Is this really going to happen?
We are determined that it will and are working hard to make it happen. We have assembled a team of people who have a mixture of backgrounds and expertise, including people with experience making big projects happen in the Tri-Cities.
What is the building going to be like?
Here's some quick details on the market plan as it's currently being discussed:
- 30,000+ sft open market area
- climate controlled, open year round
- tenant units of a variety of sizes
- numerous local restaurants and vendors
Based on advice from our consultant, we currently believe the most effective way to manage a public market is through a non-profit entity.
Our approach with this project is focused on creating a true experience with the market, building a community among the vendors and customers, embracing local music and arts, and proactively working to cultivate local small businesses as a part of our efforts.
The public market aims to have very affordable rents so that the smallest and most daring and creative of businesses has a chance to thrive.
What will be provided to vendors?
We plan to provide electrical, gas, and water hookups for many of the vendor bays. The smallest bays may not have these options. Because a public market will have a wide range of vendor stalls, there will be options based on the needs of the vendor. At a minimum, we would expect to make electrical, gas, and water available for many of the bays.
We will provide a lot of foot traffic to all vendors. We expect the market to be a popular place among a crowd willing and able to spend money. We have a perfect location, just off the highway, near the center of town, on a high traffic location, very close to the population center of the greater Tri-Cities area.
What should vendors provide?
We primarily expect these things from vendors:
- Vendors should have eagerness to help the whole market succeed. We are looking for competitive attitudes, but of the friendly, encouraging type—people who understand that the variety of vendors in the market is what makes a market successful.
- Vendors should provide quality products. The most successful public markets provide high quality products, openness to feedback, and constant commitment to positive improvement.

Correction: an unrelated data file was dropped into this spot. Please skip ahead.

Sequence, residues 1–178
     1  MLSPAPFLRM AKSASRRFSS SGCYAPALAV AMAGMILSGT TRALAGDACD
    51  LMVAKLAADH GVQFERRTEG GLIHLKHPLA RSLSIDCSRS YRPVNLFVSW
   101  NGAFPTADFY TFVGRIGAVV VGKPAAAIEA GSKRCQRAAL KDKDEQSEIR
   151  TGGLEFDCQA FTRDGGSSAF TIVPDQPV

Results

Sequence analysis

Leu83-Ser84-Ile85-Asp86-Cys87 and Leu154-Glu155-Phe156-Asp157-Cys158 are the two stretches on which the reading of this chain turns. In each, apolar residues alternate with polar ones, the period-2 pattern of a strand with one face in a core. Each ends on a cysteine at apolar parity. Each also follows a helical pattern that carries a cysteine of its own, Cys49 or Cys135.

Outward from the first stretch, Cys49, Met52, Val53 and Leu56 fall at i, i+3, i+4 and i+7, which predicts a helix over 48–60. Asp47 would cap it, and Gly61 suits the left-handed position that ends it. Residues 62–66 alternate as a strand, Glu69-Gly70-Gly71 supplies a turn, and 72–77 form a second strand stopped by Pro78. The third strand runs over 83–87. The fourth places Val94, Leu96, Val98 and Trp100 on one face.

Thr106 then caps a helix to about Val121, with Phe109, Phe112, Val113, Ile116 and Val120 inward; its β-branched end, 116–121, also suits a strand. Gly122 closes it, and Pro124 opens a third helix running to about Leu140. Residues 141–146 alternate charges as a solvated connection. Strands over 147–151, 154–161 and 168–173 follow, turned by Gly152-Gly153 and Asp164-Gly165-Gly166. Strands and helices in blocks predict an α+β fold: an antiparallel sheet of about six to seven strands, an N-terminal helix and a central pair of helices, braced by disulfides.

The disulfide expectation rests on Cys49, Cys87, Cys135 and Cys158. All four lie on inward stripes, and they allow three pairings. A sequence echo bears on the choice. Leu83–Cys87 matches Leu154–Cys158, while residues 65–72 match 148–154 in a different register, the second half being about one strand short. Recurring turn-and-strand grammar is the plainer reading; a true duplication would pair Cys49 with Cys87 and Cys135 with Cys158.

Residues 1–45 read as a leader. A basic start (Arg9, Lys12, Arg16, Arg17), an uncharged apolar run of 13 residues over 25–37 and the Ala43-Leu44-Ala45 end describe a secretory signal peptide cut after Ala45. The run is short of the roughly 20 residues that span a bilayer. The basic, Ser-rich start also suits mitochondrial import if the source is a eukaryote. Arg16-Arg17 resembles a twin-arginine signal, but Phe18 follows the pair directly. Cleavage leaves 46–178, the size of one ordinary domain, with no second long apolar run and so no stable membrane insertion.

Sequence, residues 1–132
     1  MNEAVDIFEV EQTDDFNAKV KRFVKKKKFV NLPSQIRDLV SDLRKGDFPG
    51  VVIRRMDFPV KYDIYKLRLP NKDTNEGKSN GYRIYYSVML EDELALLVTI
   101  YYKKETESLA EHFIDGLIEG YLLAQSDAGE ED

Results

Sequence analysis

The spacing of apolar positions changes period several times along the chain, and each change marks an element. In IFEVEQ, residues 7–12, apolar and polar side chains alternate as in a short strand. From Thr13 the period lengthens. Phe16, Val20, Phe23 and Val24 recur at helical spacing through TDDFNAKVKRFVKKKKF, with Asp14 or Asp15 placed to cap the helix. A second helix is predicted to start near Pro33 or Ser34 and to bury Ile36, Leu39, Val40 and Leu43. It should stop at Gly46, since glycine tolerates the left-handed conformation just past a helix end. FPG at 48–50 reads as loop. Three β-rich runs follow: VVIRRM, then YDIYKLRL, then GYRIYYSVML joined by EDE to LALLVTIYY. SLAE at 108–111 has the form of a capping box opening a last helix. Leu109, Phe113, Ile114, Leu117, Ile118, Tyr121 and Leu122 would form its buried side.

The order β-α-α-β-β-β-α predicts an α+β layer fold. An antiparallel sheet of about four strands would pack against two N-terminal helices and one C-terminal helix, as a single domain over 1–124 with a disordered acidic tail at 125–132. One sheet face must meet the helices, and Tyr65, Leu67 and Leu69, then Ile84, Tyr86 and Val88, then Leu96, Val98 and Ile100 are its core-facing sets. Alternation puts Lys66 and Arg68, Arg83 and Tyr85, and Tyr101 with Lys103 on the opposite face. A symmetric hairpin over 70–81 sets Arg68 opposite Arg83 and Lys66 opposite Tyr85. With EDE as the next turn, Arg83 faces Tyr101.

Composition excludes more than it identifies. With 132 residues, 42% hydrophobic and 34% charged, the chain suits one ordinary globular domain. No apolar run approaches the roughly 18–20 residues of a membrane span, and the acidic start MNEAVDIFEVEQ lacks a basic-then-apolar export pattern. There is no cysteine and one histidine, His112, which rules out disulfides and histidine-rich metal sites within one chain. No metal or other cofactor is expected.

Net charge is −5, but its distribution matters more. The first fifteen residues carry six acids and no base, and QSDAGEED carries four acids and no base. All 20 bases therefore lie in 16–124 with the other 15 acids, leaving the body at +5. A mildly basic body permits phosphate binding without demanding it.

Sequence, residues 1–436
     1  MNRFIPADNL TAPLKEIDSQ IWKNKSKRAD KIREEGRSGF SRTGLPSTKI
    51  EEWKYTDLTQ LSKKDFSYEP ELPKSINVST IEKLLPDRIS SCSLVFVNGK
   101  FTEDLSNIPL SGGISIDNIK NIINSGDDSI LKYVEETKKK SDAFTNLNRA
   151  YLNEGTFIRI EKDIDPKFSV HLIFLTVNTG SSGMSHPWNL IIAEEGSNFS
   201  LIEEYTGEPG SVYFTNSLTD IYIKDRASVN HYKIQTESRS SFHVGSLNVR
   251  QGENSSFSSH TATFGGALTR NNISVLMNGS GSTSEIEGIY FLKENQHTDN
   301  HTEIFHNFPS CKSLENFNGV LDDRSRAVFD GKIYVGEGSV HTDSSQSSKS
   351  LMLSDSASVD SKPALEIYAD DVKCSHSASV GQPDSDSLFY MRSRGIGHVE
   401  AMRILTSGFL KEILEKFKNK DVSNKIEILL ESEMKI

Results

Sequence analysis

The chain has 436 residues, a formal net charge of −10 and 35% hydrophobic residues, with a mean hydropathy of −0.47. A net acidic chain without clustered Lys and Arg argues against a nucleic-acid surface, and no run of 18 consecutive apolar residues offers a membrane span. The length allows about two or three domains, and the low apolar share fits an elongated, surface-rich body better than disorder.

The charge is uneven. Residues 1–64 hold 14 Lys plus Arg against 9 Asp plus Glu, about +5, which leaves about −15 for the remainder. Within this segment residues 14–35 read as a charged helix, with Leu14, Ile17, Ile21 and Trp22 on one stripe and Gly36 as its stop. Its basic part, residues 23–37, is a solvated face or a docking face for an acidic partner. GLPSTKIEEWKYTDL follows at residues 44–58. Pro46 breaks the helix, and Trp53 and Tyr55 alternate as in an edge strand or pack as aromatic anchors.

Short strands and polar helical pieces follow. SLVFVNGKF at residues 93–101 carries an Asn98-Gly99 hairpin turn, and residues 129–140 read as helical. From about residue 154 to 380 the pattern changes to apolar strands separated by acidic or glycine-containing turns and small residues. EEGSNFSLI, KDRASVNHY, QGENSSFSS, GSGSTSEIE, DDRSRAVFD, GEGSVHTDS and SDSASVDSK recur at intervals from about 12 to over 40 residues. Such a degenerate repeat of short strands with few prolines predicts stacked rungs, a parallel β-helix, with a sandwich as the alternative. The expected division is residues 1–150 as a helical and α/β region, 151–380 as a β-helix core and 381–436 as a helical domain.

- Vendors should expect to be operating a full time business. We are asking vendors to commit to being open a minimum of 5 days a week, including on the weekends. Larger, or anchor, vendors will be asked to be open 6 or 7 days a week. Expect to be open for evening and possibly night hours. A Public Market is not a 9-5 business.
- Vendors should work hard and deliver great customer service. We hope to make this a very busy market. We want our vendors to have lots of customers and to be successful under pressure.
The goal is for the market to be open all week long, with each vendor committing to being open a minimum of 5 days a week. We expect many vendors will have evening hours.
We care a lot about making the public market a great experience for everyone. Our wheeled friend Kevin Lakey has agreed to serve as our accessibility consultant. Kevin has advised Seattle Pacific University and PNNL on accessibility, served on The Washington State Governor's Committee on Disabilities & Employment Issues for six years in related efforts, and most recently been an advisor for Kadlec for their floors 6-10 tower expansion.
We're looking forward to making the market a very kid-friendly location, with a few fun activities for kids and a strong relationship to the park.
Music and events
We want this project to have a strong tie to the local music scene. We believe hosting regular events at the Market will help drive customers and make our vendors more successful. We also hope to create opportunities to cultivate more local musicians and other artists.
We would expect there to be public sitting areas available for people who purchase food to be able to sit and enjoy their purchases.
SNAP tokens for EBT / Food Stamps
We hope to offer SNAP tokens as an option so people of all income levels are able to purchase food at the public market.
We want to be able to provide a range of products that reflects the things we make in the Tri-Cities, which would include alcohol licensing and working within the Washington Liquor Control laws.